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New Disk Wiping Malware Used in Attacks Against South Korea: Symantec

Earlier this week, security researchers at Symantec attributed parts of recent cyber-attacks against South Korea to a hacker crew known as DarkSeoul.

The same group is also believed to have connections to attacks against South Korea that occurred in March, which wiped numerous hard drives at South Korean banks and television stations.

On Thursday, Symantec said that its ongoing investigations into attacks against South Korea resulted in the discovery of a new threat that also has destructive data-wiping functions. 

The newly-discovered malware, which Symantec has named “Trojan.Korhigh”, is similar to previous data-wiping malware used in attacks against South Korea, and has the functionality to “systematically delete files and overwrite the Master Boot Record (MBR)" on the compromised computer, essentially rendering it useless.

The Trojan accepts several command line switches for added functionality, Symantec said in a blog post, such as changing user passwords on compromised computers to "highanon2013" or executing specific wipe instructions related to many different popular file types.

The malware may also change the desktop wallpaper to let the user know they have been compromised, Symantec said.

Trojan.Korhigh can also capture system information about infected systems, which it sends to IP addresses, that according to SecurityWeek’s research based on IPs provided by Symantec, are located in South Korea.

It has been an active week in terms of cyber threats in South Korea. Earlier this week, researchers from Seculert unveiled details on “PinkStats”, malware that was used in a string of attacks over the last four years, including many against South Korea and other organizations and nation-states. The most recent set of attacks targeted dozens of organizations in South Korea, Seculert said.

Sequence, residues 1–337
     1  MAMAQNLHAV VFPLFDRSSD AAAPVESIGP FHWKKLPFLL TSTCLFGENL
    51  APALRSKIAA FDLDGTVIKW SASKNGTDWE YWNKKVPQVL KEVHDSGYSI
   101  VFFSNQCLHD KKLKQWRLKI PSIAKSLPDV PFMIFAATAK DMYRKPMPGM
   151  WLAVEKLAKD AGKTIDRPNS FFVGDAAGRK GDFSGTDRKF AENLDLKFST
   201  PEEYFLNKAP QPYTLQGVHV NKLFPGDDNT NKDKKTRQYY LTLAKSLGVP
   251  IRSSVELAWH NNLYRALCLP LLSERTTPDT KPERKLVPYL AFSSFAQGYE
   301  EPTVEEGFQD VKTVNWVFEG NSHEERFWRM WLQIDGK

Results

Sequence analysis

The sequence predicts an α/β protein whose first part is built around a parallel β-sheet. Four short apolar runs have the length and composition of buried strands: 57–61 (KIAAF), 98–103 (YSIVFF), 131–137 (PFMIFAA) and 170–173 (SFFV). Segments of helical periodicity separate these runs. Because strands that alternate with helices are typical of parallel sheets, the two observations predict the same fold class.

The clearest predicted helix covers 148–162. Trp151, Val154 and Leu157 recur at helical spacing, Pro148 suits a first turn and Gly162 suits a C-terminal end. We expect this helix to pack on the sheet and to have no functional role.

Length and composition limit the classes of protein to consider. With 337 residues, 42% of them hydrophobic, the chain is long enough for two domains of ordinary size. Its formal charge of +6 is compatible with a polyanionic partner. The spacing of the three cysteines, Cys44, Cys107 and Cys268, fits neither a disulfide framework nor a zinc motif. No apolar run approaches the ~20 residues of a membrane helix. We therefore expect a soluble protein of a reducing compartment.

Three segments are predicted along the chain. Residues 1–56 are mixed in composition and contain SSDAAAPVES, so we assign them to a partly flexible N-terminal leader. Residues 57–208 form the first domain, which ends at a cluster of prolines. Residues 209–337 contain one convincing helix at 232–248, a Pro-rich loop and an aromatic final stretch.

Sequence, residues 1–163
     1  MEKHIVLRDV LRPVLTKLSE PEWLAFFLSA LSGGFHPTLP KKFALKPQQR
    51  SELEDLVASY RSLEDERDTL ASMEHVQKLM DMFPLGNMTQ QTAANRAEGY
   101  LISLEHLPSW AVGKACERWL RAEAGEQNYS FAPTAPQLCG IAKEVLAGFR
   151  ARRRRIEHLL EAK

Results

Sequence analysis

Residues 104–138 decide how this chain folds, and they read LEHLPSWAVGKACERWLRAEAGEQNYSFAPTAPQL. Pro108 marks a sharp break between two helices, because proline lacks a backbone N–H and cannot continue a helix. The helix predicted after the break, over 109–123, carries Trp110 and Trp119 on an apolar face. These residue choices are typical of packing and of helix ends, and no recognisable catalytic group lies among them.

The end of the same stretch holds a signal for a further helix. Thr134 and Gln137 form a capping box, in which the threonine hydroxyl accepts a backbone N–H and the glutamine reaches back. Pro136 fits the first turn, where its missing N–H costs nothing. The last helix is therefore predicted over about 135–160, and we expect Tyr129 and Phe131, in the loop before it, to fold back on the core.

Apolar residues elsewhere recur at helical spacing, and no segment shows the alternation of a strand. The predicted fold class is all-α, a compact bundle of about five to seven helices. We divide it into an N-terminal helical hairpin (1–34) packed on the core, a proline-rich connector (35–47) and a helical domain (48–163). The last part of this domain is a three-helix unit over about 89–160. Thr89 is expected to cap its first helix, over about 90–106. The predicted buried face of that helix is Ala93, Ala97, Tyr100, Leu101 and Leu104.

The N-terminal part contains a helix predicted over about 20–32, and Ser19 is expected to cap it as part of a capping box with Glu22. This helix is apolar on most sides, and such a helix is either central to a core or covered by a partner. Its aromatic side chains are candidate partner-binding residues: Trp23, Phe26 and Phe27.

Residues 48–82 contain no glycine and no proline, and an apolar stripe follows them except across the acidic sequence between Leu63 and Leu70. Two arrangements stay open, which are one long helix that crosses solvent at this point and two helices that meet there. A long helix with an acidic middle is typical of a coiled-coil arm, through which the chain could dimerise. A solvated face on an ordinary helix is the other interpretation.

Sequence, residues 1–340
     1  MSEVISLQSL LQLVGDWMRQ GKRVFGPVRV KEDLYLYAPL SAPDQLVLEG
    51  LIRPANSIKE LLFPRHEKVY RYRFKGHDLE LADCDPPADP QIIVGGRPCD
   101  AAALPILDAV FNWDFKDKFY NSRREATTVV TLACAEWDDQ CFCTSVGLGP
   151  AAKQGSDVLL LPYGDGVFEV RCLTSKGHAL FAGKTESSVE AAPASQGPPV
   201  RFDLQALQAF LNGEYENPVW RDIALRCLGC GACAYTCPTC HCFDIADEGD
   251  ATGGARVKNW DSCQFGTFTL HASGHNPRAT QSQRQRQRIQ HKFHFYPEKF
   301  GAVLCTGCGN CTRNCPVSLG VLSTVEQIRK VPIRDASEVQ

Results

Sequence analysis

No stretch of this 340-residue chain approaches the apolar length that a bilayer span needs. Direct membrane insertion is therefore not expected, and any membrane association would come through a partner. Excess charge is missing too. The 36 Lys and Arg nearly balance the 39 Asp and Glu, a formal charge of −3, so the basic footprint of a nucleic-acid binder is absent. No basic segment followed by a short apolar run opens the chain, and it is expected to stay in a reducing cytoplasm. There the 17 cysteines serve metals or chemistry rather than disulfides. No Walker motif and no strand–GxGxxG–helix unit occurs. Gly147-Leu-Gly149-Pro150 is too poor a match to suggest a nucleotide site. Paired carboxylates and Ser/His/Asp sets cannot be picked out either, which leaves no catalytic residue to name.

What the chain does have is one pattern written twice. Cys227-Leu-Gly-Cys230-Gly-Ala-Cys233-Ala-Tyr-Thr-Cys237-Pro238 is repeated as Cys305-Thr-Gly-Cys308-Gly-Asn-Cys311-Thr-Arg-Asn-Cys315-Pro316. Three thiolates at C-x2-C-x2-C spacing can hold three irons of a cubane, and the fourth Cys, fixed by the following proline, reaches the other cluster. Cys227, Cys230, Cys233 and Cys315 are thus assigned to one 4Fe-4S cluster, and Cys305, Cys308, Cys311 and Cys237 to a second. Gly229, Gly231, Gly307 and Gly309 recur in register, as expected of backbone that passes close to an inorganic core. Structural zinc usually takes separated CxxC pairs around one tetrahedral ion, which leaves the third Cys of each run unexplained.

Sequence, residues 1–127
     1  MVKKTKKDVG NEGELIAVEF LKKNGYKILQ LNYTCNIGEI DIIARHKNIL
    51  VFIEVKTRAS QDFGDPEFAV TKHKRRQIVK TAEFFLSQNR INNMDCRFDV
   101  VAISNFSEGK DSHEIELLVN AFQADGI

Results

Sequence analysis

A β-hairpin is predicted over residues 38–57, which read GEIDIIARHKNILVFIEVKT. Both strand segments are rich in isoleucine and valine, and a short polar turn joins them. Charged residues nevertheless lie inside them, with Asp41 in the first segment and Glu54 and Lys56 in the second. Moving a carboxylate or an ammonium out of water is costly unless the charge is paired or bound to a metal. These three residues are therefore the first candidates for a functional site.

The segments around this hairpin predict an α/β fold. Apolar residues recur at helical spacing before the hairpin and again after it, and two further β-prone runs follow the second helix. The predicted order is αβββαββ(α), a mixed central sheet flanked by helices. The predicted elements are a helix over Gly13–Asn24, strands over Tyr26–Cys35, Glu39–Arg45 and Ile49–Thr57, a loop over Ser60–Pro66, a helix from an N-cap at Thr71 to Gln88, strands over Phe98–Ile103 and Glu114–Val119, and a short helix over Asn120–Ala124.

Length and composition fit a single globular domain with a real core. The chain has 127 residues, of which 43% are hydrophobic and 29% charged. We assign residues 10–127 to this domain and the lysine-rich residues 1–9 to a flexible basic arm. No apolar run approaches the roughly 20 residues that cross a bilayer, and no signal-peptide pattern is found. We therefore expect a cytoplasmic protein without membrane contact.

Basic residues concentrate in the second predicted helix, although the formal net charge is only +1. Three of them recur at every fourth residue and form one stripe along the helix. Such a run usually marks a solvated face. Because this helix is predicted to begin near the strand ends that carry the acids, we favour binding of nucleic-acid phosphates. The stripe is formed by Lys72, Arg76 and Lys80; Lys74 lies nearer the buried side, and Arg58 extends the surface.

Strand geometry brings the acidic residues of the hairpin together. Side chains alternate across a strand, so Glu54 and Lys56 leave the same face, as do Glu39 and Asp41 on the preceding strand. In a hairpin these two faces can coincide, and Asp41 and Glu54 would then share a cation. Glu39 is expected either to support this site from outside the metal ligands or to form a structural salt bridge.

“We have identified numerous different campaigns since 2009 using the PinkStats attacking tool as the main download component. One of the latest operations targeted dozens of organizations in South Korea,” Seculert explained in their post.

Interestingly, the attacks this week against South Korea coincided on the anniversary of the start of the Korean War in 1950, an event that attackers observed by taking down websites for the South Korean president's office and local newspapers.

In addition to attacking numerous websites, a report surfaced on Thursday that hackers had obtained and published personal details of more than two million South Korean ruling party workers and 40,000 U.S. troops, including those stationed in South Korea.

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For more than 10 years, Mike Lennon has been closely monitoring the threat landscape and analyzing trends in the National Security and enterprise cybersecurity space. In his role at SecurityWeek, he oversees the editorial direction of the publication and is the Director of several leading security industry conferences around the world.